Finland’s KIC Motorsport team will field an all-rookie line-up with Ferrari junior Maya Weug joined by Shannon Lugassy and Alexander Partyshev. Weug leaves Iron Lynx for the move up from F4 where she has raced for the last two seasons.

Lugassy has two years’ experience in UCS, including racing a FRegional car in the multi-class series in 2022, while Ukrainian racer Partyshev has two seasons of F4 behind him.

Imola will mark the debut of Sainteloc Racing, which has taken over the entry previously held by FA Racing. Emmo Fittipaldi, son of two-time F1 world champion Emerson, moves up from F4 although the racing genes may not be enough to compensate for his inexperience and he may regret not staying in F4 for a tilt at a title in the entry-level category.

Nicolas Baptiste shuffles across from FA Racing for his sophomore FREC season, having scored just two top-20 finishes in 2022, and will be joined by fellow Colombian and NACAM F4 graduate Lucas Medina, who drove for Sainteloc at the Monza test and is a late addition to the grid.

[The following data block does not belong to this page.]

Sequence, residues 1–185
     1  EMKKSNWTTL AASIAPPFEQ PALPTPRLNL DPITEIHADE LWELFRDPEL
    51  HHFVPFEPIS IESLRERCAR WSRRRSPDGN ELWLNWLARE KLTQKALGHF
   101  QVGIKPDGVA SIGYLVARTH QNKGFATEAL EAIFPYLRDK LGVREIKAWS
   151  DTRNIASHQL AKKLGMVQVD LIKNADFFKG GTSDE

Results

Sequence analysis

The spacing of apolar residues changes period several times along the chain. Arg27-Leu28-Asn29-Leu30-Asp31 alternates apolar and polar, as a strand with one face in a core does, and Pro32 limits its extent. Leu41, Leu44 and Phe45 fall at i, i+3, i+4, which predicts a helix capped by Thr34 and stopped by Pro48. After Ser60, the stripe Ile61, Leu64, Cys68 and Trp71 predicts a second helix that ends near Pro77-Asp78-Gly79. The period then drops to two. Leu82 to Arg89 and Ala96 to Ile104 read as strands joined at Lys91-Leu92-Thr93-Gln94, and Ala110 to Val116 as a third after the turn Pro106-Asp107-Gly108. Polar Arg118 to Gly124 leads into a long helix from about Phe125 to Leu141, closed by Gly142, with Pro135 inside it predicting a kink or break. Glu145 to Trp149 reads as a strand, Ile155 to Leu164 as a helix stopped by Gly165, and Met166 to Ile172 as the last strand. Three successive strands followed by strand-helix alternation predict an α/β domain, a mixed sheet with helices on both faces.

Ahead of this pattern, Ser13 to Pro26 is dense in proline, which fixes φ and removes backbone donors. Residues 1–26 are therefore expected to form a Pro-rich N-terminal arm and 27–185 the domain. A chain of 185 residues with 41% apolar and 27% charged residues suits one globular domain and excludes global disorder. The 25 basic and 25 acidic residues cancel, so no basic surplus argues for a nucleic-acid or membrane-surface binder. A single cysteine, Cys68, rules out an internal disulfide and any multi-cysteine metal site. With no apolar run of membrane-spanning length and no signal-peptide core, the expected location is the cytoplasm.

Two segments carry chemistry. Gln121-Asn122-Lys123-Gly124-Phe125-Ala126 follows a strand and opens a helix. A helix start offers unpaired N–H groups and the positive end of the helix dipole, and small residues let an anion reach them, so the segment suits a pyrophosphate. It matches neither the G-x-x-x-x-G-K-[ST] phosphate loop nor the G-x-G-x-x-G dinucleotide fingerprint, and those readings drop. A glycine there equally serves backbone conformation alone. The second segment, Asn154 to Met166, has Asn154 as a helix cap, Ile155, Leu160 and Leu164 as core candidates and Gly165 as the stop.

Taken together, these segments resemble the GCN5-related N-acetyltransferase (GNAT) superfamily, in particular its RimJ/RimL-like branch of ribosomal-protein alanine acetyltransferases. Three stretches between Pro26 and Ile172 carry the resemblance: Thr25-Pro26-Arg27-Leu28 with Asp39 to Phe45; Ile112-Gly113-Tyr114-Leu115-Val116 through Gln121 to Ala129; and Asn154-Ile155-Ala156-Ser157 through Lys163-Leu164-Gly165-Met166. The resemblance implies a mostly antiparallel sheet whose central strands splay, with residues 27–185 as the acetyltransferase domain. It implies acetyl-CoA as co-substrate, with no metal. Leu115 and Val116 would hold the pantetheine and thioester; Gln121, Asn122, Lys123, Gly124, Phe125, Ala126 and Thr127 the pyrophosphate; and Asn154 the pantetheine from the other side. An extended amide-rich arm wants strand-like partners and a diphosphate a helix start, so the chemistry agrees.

With the two most recent champions Saucy and Beganovic, along with fellow FREC race-winners Bortoleto and Mini heading the FIA F3 standings after two rounds, the class of 2023 will be fighting from Imola this weekend right up to Hockenheim in October to succeed them.

You can listen to this week’s season preview podcast for FREC, Italian F4 and British F4 on Google Podcasts, Overcast, Pocket Casts, RadioPublic, Castbox, Apple Podcasts, Spotify and below.

The top ten drivers across the pre-season tests at Barcelona, Paul Ricard and Monza are shown below, expressed as an average of a driver’s pace against the fastest laptime (100%) of each test and presented in percentage form.

Driver Team Average test pace (%)
Andrea Kimi Antonelli Prema 100.138
Rafael Camara Prema 100.150
Tim Tramnitz R-ace GP 100.157
Maceo Capietto R-P-M 100.163
Kas Haverkort Van Amersfoort Racing 100.216
Roman Bilinski Trident 100.293
Kirill Smal* Monolite Racing 100.323
Santiago Ramos R-P-M 100.350
Lorenzo Fluxa Prema 100.392
Martinius Stenshorne R-ace GP 100.410

* Smal did not participate in the Barcelona test